Pulmonary Primary Infection
In the patient presenting with acute respiratory failure, the total number of B-lines assessed in the four conventional areas per hemithorax has been used to differentiate pulmonary primary infection from overinfection in decompensated cardiac failure: the latter typically has significantly more B-lines.49 A simplified lung ultrasound scoring system, similar to the one used in ICUs (see the section “The Critically Ill Patient”) but limited to three areas per hemithorax, can also help predict hospital mortality of these septic patients.50
The Critically Ill Patient
In the ICU, the lung ultrasound score is the most frequently used scoring system. It distinguishes four progressive steps of loss of aeration according to the artifacts visualized in a scan: score 0, normal aeration (A-lines or no more than two B-lines); score 1, moderate loss of aeration (three or more well-spaced B-lines); score 2, severe loss of aeration (coalescent B-lines); and score 3, complete loss of aeration (tissue-like pattern; figs. 4 and 5). These steps were previously referred to as N, B1, B2, and C. This score is computed in six regions per hemithorax: anterior, lateral, and posterior fields are identified by sternum, anterior, and posterior axillary lines; each field is divided into superior and inferior regions (fig. 3).
It is suggested to start in the anterior fields with a linear probe and then to switch to a phased-array or a convex probe if consolidation is visualized. A transversal approach, aligned with the intercostal space, would be preferred once the pleura has been correctly identified: it visualizes a wider pleura and more artifacts (fig. 2).51
The lung ultrasound score is easily learned (25 examinations) and repeatable, for both image acquisition and interpretation.22,51 Complete examinations take 10 to 15 min.52 A three-level competence pyramid was recently suggested: academic teacher with several publications in the field; more than 25 supervised procedures and 200 nonsupervised procedures; and at least 25 supervised procedures and less than 200 nonsupervised procedures).53 The authors suggest daily practice at the beginning of the learning curve.
Validation with Reference Techniques
Regional scores showed strong correlations with lung density measured by quantitative computed tomography.22 The global lung ultrasound score is computed as the sum of regional scores; therefore, the total score ranges from 0 to 36. It showed good linear correlations with extravascular lung water measured by pulse index continuous cardiac output19 and a strong association with lung density by quantitative computed tomography,22,28 although with a tendency to overestimate lung aeration loss in acute respiratory distress syndrome (ARDS).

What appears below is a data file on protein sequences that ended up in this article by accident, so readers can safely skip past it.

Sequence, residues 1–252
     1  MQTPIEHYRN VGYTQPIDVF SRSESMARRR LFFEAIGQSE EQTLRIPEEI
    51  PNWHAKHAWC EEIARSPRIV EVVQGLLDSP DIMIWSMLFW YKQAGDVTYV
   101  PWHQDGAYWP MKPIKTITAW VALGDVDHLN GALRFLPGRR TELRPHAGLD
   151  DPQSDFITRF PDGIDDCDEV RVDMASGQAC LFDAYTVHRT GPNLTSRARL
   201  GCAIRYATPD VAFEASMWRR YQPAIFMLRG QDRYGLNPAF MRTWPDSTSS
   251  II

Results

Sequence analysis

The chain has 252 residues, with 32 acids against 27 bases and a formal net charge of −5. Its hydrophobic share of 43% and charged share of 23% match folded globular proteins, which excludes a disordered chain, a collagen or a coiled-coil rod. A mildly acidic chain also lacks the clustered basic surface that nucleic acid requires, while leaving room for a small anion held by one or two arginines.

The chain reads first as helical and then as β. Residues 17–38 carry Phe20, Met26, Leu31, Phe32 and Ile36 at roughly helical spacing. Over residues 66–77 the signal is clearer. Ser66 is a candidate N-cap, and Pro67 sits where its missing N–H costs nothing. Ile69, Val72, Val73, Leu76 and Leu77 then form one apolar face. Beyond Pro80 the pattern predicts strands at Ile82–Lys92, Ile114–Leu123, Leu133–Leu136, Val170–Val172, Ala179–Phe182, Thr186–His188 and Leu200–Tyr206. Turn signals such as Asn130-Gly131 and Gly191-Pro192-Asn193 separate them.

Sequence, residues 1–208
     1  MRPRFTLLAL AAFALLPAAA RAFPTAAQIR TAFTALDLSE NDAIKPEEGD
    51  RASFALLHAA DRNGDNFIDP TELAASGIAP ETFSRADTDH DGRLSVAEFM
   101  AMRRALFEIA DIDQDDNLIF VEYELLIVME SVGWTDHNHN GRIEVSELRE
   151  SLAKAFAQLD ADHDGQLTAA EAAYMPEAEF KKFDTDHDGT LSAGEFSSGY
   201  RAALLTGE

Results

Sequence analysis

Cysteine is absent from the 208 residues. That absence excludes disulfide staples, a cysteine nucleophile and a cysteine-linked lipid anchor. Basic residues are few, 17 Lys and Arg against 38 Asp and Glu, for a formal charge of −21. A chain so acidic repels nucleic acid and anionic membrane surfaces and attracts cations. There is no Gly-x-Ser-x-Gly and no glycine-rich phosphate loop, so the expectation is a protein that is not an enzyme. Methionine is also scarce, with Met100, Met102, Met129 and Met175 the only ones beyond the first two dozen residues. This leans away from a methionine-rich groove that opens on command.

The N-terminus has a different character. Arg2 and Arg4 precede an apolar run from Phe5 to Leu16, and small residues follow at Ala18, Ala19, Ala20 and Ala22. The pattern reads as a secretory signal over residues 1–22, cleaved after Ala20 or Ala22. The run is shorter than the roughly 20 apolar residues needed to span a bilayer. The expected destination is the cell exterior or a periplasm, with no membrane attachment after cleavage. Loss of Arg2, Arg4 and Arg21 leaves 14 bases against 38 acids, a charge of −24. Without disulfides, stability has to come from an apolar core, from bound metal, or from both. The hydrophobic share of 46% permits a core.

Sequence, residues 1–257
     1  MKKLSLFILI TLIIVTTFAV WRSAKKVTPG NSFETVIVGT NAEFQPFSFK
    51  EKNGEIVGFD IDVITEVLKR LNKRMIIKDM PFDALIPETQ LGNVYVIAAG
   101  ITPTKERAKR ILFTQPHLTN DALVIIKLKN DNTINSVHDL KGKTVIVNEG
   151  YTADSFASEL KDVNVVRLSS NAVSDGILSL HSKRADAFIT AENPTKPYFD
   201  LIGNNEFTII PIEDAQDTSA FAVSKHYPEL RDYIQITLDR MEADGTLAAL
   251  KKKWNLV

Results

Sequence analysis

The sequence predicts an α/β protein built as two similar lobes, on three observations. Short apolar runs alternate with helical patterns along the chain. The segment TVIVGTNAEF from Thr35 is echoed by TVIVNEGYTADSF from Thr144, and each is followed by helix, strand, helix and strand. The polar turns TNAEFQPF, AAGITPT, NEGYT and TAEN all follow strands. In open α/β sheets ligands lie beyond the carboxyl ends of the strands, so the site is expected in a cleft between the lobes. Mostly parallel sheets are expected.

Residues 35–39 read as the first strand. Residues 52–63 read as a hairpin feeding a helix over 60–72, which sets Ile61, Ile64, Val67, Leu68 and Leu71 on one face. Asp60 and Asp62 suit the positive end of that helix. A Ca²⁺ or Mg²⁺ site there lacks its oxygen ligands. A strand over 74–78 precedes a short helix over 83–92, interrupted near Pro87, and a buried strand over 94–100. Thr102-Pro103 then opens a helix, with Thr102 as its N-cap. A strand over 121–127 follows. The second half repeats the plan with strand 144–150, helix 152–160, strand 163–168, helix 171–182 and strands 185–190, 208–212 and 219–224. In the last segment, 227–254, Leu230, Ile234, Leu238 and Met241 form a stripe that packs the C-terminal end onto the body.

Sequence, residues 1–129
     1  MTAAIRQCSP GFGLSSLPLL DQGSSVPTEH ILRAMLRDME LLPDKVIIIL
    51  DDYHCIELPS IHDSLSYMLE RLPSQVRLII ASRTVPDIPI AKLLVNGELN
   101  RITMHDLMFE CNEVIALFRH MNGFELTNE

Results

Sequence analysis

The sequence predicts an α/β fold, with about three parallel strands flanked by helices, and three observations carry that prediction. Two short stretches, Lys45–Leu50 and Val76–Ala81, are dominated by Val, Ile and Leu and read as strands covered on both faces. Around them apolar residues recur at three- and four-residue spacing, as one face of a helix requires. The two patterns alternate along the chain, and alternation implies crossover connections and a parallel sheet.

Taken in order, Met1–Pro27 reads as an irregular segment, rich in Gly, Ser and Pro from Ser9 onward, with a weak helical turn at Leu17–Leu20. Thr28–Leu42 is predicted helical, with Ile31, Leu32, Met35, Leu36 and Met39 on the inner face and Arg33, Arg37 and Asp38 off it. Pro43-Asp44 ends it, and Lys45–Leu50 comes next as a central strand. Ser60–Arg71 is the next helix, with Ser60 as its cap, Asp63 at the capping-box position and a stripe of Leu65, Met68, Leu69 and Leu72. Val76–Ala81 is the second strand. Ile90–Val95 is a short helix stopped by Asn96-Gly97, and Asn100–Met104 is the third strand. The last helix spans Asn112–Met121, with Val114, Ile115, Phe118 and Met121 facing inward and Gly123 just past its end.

A recent study suggested distinguishing moderate and severe loss of aeration (scores 1 and 2) in relation to the percentage of pleura affected by artifacts (score 2 if B-lines or subpleural consolidations in clearly 50% or more).51 This may limit overestimation of loss of aeration in patients with frequent focal coalescences and nonhomogeneous diseases such as ARDS, trauma, and ventilator-associated pneumonia. This modified score had the strongest correlation with extravascular lung water compared to all the other rating systems, and included automation42 ; therefore, it should be the preferred strategy for regional/global lung aeration assessment and monitoring in the critically ill.
Monitoring Lung Aeration
The lung ultrasound score has been employed for monitoring lung aeration in ARDS patients receiving extracorporeal membrane oxygenation54,55 ; progressive reduction of the score indicates gradual recovery of the injured lung. An accurate bedside tool is of particular interest in these patients because transport to a radiology department involves high risk, and standard chest x-ray films are poorly informative in almost completely deaerated lungs.
A quantitative approach can also be employed to monitor the response to treatments in the critically ill patient. In ARDS patients in shock requiring fluid resuscitation, changes in the lung ultrasound score were the earliest parameter indicating an increase in extravascular lung water as a detrimental effect of the fluid challenge.21 The changes in lung aeration detected by ultrasound are seen sooner than deterioration in gas exchanges, because oxygenation can initially be improved by the transient positive impact of fluid resuscitation on hemodynamics. A reaeration score computed on the basis of the same four patterns before and after treatments modifying aeration accurately detected the changes in lung aeration induced by 7 days of antibiotics in ventilator-associated pneumonia, with significant correlations with quantitative computed tomography.17
Personalized Mechanical Ventilation
Similarly, a quantitative approach can be useful to guide and monitor the respiratory strategy, including pronation and positive end-expiratory pressure (PEEP) titration. A personalized approach does seem to improve survival of ARDS patients, as long as the lung pattern can be accurately distinguished as focal or diffuse.56,57 Focal distribution, with normal aeration in anterior fields and severe or complete loss of aeration in posterior ones, indicates response to pronation58,59 : in patients with focal distribution, the lung ultrasound score changes more when they are prone. A dedicated score for posterior fields has been proposed to identify long-term responders to pronation.60